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Os Guinness: Signals of Transcendence

Os Guinness: Signals of Transcendence

by Michael Giere
June 12, 2023

They can come to us as revolutionary events -- or even a dandelion.

It is hard to overstate the contribution of author and social critic Os Guinness. Across many decades and over thirty books, he has examined life and social issues in the Western world. Always on the far frontier, he has sounded the alarm over the careering erosion of faith -- both in ourselves and our heritage of human freedom -- down the corridor of history.

And he has been a clear voice about so much we need to know about living with ourselves and each other.

His latest book, Signals of Transcendence (InterVarsity Press), is a slim and razor-sharp study of people's lives and how they understood the "signals of transcendence" that reshaped -- remade -- those lives. It surveys the varied junctures, switches, paths, and tragedies that trigger "both a contradiction and a desire, and call into question the past, the present, and the future." Each chapter is a story of the known and unknown and the signals of transcendence they dared not ignore -- that spurred them on -- some to a rich faith, others not. And, he asks, is the modern world even capable of hearing, or admitting if they do hear, the signals of transcendence? Or is the promise of some wholeness held hostage by our era's comfort and relative safety?

In Dr. Guinness's previous book (which I reviewed here), he welcomed the reader to examine the towering intellectual and religious traditions, perhaps for the first time, as a Sherpa does his mountain. In Signals of Transcendence, he deftly takes us into the lives of people with their own unique stories because each "speak to all of us." While the signals are exclusive to each person, they share a universal language that speaks to the soul.

For Malcome Muggeridge, the signal came in the dark night. He swam out to death and found a way home in distant lights that transcended pain. "I have always felt myself [..] a stranger in a strange land." For the famed poet, W.H. Auden, the signal came in a newsreel at the cinema about the Nazi's horrific conquest of Poland and the audience's support of murder. In a relativistic world that rejected absolutes, he found absolute evil and the demands of its absolute rejection. Later, he lost confidence in human goodness and the political machinations that promised a perfect man in an ideal society. The signal of transcendence was moral judgment.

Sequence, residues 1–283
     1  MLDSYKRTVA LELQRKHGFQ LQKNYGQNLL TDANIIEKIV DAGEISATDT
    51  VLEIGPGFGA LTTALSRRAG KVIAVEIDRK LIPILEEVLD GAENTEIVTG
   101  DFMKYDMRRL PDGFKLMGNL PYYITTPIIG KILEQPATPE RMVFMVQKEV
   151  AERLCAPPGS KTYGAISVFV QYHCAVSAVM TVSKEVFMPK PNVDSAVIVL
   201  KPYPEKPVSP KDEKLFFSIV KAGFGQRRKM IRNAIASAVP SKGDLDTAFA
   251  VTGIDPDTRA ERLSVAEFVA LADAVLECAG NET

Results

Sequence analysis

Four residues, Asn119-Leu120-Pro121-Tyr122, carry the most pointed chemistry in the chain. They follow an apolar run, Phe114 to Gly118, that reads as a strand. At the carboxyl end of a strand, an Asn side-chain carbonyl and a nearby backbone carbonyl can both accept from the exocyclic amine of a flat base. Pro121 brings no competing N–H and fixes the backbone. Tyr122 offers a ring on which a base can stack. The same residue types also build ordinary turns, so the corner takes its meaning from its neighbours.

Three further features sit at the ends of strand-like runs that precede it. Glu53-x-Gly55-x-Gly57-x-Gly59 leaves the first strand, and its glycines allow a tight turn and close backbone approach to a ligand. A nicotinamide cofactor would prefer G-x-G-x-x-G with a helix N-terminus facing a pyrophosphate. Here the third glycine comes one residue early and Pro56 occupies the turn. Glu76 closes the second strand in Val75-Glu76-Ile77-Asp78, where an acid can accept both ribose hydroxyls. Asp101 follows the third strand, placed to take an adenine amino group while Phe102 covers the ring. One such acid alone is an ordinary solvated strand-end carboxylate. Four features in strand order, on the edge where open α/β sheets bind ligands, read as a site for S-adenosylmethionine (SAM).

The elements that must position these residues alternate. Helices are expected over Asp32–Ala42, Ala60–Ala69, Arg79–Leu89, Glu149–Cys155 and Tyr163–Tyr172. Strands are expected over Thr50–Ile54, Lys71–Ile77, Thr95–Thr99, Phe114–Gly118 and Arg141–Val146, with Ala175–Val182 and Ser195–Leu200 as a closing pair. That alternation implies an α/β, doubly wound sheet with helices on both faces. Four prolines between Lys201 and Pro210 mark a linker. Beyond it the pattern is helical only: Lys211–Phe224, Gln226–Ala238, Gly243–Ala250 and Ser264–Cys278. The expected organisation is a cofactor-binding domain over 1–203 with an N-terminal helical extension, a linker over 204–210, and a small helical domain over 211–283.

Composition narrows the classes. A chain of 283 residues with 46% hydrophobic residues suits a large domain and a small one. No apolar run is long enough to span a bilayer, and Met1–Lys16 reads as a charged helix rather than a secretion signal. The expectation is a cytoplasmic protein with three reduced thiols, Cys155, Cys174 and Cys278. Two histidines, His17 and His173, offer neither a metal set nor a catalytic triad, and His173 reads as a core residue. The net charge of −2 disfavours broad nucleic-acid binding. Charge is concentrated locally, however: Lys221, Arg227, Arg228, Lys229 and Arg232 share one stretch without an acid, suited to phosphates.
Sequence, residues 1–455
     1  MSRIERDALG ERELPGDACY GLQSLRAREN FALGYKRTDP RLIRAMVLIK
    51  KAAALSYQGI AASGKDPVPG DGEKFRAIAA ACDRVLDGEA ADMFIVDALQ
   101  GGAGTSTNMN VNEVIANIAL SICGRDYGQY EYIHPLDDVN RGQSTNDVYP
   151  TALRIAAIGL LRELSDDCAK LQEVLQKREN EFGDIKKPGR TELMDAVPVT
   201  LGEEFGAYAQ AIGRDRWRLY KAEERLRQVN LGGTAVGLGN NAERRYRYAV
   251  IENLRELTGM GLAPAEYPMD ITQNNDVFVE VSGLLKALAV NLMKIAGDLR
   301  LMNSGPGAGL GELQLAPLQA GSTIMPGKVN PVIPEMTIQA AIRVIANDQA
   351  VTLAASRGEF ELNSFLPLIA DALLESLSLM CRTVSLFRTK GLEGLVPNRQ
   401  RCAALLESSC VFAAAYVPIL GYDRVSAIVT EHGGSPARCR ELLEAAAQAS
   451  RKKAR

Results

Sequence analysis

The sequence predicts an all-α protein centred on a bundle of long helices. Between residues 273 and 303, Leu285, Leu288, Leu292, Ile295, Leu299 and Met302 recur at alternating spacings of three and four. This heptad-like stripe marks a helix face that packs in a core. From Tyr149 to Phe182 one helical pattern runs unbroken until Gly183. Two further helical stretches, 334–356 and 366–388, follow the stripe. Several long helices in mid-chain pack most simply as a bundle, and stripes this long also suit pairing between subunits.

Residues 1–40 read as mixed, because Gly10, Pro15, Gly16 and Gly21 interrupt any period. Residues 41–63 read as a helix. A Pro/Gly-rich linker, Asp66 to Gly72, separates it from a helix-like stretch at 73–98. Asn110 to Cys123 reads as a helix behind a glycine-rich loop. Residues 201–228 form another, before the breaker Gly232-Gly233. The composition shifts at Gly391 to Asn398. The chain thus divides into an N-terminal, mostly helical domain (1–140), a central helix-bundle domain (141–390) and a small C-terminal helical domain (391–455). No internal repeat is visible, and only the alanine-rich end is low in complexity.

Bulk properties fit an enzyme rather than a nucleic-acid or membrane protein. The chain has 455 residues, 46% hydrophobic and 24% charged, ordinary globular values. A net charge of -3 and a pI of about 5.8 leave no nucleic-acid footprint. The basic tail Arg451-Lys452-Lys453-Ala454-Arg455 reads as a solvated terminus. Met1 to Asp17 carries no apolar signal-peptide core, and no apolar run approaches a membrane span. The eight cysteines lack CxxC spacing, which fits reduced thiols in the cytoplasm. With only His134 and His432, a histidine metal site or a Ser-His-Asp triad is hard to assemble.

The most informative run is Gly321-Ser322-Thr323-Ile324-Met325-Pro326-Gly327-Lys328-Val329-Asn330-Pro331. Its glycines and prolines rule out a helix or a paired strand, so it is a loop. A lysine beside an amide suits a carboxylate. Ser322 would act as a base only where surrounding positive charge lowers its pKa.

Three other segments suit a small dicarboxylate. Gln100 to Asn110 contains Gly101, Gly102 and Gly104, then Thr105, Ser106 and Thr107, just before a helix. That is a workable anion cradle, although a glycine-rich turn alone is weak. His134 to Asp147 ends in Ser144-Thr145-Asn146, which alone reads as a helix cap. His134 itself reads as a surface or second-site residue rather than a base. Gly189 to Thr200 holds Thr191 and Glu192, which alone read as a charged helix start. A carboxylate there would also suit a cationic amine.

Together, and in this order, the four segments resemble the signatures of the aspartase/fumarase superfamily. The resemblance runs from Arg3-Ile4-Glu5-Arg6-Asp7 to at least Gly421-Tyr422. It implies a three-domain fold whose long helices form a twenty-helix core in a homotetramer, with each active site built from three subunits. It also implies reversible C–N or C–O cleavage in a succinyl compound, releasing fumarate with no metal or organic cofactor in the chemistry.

For another, not evil but goodness proved an inflection point -- the signal of transcendence. A visit to a small village in central France that saved thousands of Jewish children during the war turned his suicide to life. From hopelessness to hope.

The famed writer G.K. Chesterton was provoked in school by the "starless nihilism" and decadence of his times, and yet even he dabbled in the dark arts. Yet he was "..stopped in his tracks by 'looking at a dandelion.'" Wonder and gratitude for the simplest thing became a signal that changed a life forever. It was a signal that eventually led the famed writer to see faith through a new reality -- resting on the stem of a dandelion.

From C.S. Lewis, the reluctant convert, to Tolstoy, the accounts and explanations of each person are sewn together with rich history and juxtaposition -- each in Os's always clear and straightforward prose. He's a craftsman showing us the issues and framing the complexity of each signal and how it changed everything.

Two of his chapters touch on his own family. They are sweet and inviting biddings of honest reflection that charge this book with additional energy -- and truth -- to the signals of transcendence. There is nothing more "real" than Love, he reminds us. We love because we belong to Love. "Love wills eternity just as joy wills eternity -- from the very start and by its very nature." The tawdry imitations of love that the twenty-first-century parades as love, are imposters. They are not the deep Love that survives even death. Love, like faith, exists beyond us -- outside of us.

Dr. Gunniss ends his book with the late Kenneth Clark, the famous art history and television writer who wrote of his experience in which he "felt the finger of God." Yet, he believed if he pursued that signal of transcendence, his family would "think I was going mad." He, with a hint of sadness, let the moment go. "I was too deeply embedded in the world to change course."

Os turns his book home to the inflection points, the spurring on, that captures us if only we'll respond to them. They can come to us as revolutionary events -- or even a dandelion. They can be challenging or mundane circumstances. But heeded, they can remove the shackles of modernity and introduce us to the "real." The part of us and the part of life that calls us home.

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